“One thing to realise is that all 21 of these species, including the carnivores, are prey: Arctic fox get clobbered by golden eagles, weasels are killed by foxes, coyotes, and raptors. For the hares and rodents, tasty snacks for multiple predators, camouflage is everything.”

Arctic fox (Alopex lagopus) in snow, Churchill, Manitoba, Canada, North America. Credit: robertharding / Alamy Stock Photo

Charting colour change

For the study, the researchers first collected coat colour and location data for more than 2,500 live animals and museum specimens spanning 60 countries.

They then analysed this data using modelling to study the moulting behaviour of animals living in different parts of the world.

The researchers found that, within one species, not all individuals will moult in the winter.

The chances of an animal moulting depend on the landscape in which they live. The more snowy the landscape, the higher the chance an animal will turn white in the winter.

This is shown on the chart below, where the number of snow-covered days per year is plotted against the likelihood of turning white in the winter for the Japanese hare (dark blue), the white-tailed jackrabbit (light blue), the least weasel (yellow) and the long-tailed weasel (red).

The probability of a colour-changing mammal having a white winter coat in regions with 0-320 days of snowfall per year. Results are shown for the Japanese hare (dark blue), the white-tailed jackrabbit (light blue), the least weasel (yellow) and the long-tailed weasel (red). Source: Mills et al. (2018)

The chart also includes a “broad polymorphic zone”. A “polymorphic zone” is a term used to describe regions where the probability of having either a brown or white winter coat is close to equal.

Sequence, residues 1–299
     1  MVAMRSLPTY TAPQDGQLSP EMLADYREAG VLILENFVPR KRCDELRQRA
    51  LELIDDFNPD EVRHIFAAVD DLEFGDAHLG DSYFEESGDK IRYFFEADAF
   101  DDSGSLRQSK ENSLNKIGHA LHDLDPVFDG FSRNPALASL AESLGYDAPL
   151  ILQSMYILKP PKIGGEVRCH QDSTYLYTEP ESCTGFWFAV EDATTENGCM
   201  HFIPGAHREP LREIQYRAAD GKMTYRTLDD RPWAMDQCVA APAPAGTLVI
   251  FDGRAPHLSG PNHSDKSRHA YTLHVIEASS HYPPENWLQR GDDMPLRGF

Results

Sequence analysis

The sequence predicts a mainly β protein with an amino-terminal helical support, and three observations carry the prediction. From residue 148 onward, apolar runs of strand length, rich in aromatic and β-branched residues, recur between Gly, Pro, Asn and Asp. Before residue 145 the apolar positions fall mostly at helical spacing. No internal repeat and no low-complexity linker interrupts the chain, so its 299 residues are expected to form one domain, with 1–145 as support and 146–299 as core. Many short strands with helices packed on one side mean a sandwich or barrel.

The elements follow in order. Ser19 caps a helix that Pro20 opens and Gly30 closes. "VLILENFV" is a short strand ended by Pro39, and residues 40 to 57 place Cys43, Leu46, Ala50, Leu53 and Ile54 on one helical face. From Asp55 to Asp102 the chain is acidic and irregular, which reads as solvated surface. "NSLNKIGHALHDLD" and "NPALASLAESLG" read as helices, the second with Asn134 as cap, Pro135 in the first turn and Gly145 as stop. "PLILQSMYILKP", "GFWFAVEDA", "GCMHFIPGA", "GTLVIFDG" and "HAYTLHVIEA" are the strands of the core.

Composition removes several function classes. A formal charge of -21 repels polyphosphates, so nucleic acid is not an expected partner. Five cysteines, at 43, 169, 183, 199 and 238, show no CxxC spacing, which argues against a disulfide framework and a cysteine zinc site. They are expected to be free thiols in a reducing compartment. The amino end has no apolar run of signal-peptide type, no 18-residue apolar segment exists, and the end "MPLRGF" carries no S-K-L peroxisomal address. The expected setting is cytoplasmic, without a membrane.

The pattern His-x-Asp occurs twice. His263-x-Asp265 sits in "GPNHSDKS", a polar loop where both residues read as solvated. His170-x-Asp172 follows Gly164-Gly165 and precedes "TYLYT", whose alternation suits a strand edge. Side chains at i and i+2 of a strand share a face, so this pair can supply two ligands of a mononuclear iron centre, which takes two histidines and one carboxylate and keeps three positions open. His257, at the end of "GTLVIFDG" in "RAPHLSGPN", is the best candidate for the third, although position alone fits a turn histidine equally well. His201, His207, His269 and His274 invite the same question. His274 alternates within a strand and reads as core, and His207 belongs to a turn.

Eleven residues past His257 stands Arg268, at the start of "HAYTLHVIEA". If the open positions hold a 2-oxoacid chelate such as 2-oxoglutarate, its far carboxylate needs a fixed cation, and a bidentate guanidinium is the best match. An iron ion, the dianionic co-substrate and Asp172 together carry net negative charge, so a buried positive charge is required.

In these “zones”, mammals could have the best chance of adapting to declining snowfall conditions, Mills says. That is because, in these areas, a proportion of each species do not turn white in the winter and are therefore more able to blend in with snowless environments.

These brown-coated animals will be more likely to survive winters with less snow cover and pass on their genes to their offspring. Over time, this would increase the proportion of animals with brown winter coats, allowing the population to adapt – and ultimately survive – in environments with less snow.

The maps below show where the polymorphic zone of two or more species overlap. On the charts, red shows where the zones of two species overlap, while brown shows areas where the zones of three species overlap.

Regions in North America (A) and Eurasia (B) with polymorphic zones in winter coat colour for more than two species (red) and more than three species (brown). Source: Mills et al. (2018)

The charts show that parts of the US, Canada and Scotland show the largest overlap.

These regions could be considered “evolutionary rescue zones” where a number of colour-changing mammal species could be able to adapt to declining snowfall, says Mills: